As many of you know, I find the decision written by Justice Stevens in Caballes v. Illinois to have the jurisprudential value of the what comes out of the other end of the sniffer in question.
At the time, some of the more level-headed realized that this was a potential future nightmare, with police using dogs to sniff around parked cars, and even homes. Yep. That’s what they want to do in Florida.
Scott Greenfield’s Simple Justice has an excellent post: A Sniff Too Far that also contains reactions from Orin Kerr at Volokh.
[Kerr] The question is, does the Caballes rule apply when the dog is brought to the front door of a home rather than a car? A divided Florida Supreme Court ruled in Jardines v. State that Caballes does not apply and that probable cause is required to bring the dog up to the home for a sniff.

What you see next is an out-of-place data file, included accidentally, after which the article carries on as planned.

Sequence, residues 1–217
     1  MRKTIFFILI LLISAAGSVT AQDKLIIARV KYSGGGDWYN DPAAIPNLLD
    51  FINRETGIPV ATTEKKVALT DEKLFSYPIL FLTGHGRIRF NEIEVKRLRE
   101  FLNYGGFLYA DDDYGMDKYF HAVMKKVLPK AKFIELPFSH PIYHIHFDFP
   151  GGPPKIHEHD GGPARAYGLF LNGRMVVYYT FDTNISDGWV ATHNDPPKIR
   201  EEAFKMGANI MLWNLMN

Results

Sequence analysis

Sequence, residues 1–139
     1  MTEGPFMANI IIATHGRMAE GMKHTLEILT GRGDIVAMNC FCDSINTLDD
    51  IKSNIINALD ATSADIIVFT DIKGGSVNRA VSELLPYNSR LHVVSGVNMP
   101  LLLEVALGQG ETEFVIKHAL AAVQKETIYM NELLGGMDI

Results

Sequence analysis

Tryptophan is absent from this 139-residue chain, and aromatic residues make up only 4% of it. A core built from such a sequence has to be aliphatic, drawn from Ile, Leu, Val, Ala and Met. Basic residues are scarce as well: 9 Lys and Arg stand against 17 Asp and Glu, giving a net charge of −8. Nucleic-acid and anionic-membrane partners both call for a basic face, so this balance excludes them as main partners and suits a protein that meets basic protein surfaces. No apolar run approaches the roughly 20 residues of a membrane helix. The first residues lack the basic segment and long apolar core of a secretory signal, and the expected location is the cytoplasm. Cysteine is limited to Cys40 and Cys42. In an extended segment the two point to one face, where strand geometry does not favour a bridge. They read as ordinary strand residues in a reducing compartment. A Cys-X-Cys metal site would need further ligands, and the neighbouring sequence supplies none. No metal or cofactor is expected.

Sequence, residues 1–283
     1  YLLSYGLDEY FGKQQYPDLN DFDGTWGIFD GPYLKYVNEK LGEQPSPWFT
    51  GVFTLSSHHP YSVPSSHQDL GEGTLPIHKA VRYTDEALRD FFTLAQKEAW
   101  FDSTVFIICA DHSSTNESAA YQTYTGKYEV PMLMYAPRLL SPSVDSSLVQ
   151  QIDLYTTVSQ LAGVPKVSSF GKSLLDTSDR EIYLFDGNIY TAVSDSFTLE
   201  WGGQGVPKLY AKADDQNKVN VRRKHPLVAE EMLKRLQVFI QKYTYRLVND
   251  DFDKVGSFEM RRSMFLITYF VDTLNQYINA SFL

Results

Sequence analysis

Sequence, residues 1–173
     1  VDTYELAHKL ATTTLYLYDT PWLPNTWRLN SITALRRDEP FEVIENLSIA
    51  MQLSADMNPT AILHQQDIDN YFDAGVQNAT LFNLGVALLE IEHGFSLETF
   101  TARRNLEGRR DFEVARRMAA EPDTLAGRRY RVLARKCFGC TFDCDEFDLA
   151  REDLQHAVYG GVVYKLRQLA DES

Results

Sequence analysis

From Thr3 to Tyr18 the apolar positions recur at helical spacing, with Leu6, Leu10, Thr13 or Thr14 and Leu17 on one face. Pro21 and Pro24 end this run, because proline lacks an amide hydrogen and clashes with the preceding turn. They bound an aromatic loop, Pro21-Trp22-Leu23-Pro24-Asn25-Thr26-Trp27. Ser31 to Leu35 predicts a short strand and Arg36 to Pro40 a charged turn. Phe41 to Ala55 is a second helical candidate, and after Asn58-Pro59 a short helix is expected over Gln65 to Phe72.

[Greenfield] Florida is seeking cert, so this may come before the Supremes. While most of us would hope that if the Supreme Court grabs hold of this case, it would use it to backdoor out of Caballes on the basis of dog sniffs being unworthy of constituting probable cause.
It certainly would be nice to think that, particularly armed with the new studies regarding the unreliability of dog sniffs, a new case at the Supremes would make them reconsider and throw away Caballes (Stevens is gone, after all).
On the other hand, if the Supremes continue to follow the drug war exception to the Bill of Rights, we could soon be faced with an army of cops with dogs going door to door, knocking on doors to helpfully ask if everything’s OK or whether there’s been any suspicious activity in the neighborhood, inevitably followed by “What’s that, Fido? You say you smell some marijuana residue?”